E-book publishers are worried about profits shrinking if libraries go digital, and they're hiking e-book prices. Stretched thin by lean budgets, libraries are slow to embrace digital content. Can the two sides reach a solution?
In the hushed atmosphere and among the staid bookshelves of your public library, a battle is brewing over digital content.
On one side are librarians, stretched thin by lean budgets, who are eager to get more electronic books into the hands of readers and satisfy a growing need in their communities. On the other side are publishers, jittery about slim profits, who are making it harder for libraries to get electronic content. Some publishers have raised e-book prices by up to 700 percent for libraries. Others are imposing new lending restrictions. Several major publishing houses aren't selling new e-books to libraries at any price.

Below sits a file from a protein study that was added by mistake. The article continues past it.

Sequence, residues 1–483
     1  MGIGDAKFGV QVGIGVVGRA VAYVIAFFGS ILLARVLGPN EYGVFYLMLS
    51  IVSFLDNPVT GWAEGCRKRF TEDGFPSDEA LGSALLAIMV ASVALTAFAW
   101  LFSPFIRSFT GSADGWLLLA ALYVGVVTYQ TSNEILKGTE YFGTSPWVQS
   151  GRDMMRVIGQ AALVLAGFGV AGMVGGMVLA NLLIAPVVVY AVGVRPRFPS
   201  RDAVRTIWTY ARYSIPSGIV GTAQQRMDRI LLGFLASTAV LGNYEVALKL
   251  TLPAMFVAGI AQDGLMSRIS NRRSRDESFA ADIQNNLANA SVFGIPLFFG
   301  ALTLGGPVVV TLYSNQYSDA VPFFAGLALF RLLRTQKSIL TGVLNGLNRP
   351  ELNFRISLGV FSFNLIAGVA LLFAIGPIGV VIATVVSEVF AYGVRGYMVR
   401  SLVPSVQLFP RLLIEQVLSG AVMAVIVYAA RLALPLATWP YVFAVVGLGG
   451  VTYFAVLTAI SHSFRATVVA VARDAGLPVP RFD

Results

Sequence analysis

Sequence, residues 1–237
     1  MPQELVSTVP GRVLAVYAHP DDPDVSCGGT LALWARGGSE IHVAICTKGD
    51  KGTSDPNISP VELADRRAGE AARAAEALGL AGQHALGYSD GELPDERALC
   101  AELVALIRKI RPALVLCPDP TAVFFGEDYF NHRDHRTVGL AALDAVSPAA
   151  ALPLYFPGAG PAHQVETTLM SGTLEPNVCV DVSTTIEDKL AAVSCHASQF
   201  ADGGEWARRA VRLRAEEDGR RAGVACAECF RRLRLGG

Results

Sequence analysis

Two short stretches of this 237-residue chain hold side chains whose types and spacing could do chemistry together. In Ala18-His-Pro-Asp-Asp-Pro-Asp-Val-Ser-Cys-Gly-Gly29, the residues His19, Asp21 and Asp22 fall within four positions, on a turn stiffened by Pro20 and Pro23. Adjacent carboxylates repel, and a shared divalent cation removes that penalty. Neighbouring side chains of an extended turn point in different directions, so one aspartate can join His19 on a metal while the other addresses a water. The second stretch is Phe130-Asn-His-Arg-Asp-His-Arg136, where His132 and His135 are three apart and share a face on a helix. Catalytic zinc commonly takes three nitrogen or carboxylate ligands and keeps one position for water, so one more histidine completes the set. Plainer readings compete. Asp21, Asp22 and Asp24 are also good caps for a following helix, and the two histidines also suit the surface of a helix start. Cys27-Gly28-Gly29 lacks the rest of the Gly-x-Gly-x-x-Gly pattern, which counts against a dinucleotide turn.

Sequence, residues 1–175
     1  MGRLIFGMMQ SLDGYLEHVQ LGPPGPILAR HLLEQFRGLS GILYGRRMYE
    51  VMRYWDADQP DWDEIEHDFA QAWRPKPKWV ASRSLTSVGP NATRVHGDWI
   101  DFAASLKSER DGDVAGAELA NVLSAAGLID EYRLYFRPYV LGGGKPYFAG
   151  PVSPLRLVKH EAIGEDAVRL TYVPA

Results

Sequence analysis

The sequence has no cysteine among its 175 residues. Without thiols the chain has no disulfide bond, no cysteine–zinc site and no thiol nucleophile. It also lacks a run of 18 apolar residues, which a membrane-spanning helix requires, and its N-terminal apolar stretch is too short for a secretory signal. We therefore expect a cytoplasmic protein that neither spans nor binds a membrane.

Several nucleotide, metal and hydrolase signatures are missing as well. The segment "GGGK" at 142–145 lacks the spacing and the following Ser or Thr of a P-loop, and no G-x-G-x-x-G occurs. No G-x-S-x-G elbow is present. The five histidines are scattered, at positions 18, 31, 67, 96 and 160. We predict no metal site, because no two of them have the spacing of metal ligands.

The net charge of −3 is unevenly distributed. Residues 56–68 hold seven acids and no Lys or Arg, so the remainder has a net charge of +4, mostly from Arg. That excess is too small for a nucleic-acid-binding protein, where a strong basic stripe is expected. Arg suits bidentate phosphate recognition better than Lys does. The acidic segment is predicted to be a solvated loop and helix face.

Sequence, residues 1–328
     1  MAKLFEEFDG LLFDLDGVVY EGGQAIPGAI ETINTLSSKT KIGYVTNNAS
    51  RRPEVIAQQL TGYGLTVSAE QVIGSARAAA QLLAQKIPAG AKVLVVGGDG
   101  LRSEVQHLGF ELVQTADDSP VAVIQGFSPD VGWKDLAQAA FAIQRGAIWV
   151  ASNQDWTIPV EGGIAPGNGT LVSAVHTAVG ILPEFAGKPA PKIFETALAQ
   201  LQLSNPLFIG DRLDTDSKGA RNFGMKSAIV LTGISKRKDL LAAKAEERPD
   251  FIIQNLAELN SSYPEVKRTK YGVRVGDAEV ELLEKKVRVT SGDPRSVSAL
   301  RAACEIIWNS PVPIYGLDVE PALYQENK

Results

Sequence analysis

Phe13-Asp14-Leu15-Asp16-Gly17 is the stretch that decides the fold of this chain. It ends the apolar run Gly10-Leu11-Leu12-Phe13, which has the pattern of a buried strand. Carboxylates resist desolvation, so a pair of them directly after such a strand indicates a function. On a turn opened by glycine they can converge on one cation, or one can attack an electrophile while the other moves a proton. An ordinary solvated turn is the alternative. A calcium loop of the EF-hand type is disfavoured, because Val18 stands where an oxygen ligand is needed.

"Everyone is trying to figure out what the actual business model is going to look like," says Belinda Boon, a collection development expert at Kent State University's library school in Kent, Ohio. "There have been a lot more efforts in recent months for libraries, vendors, and publishers to try to come to some kinds of agreements."
The standoff is hurting both sides.
For libraries, the tougher purchasing environment is hampering efforts to add electronic holdings, which libraries effectively lease through licensing agreements with distributors. The Tuscaloosa (Ala.) Public Library, for instance, says it paid $12 last fall for an e-book edition of Random House's fantasy novel "A Game of Thrones." Now the price has leapt to $105, according to Director of Collection Development Amy Patton – a 700 percent increase. (Random House declined to say how much libraries pay for individual titles.)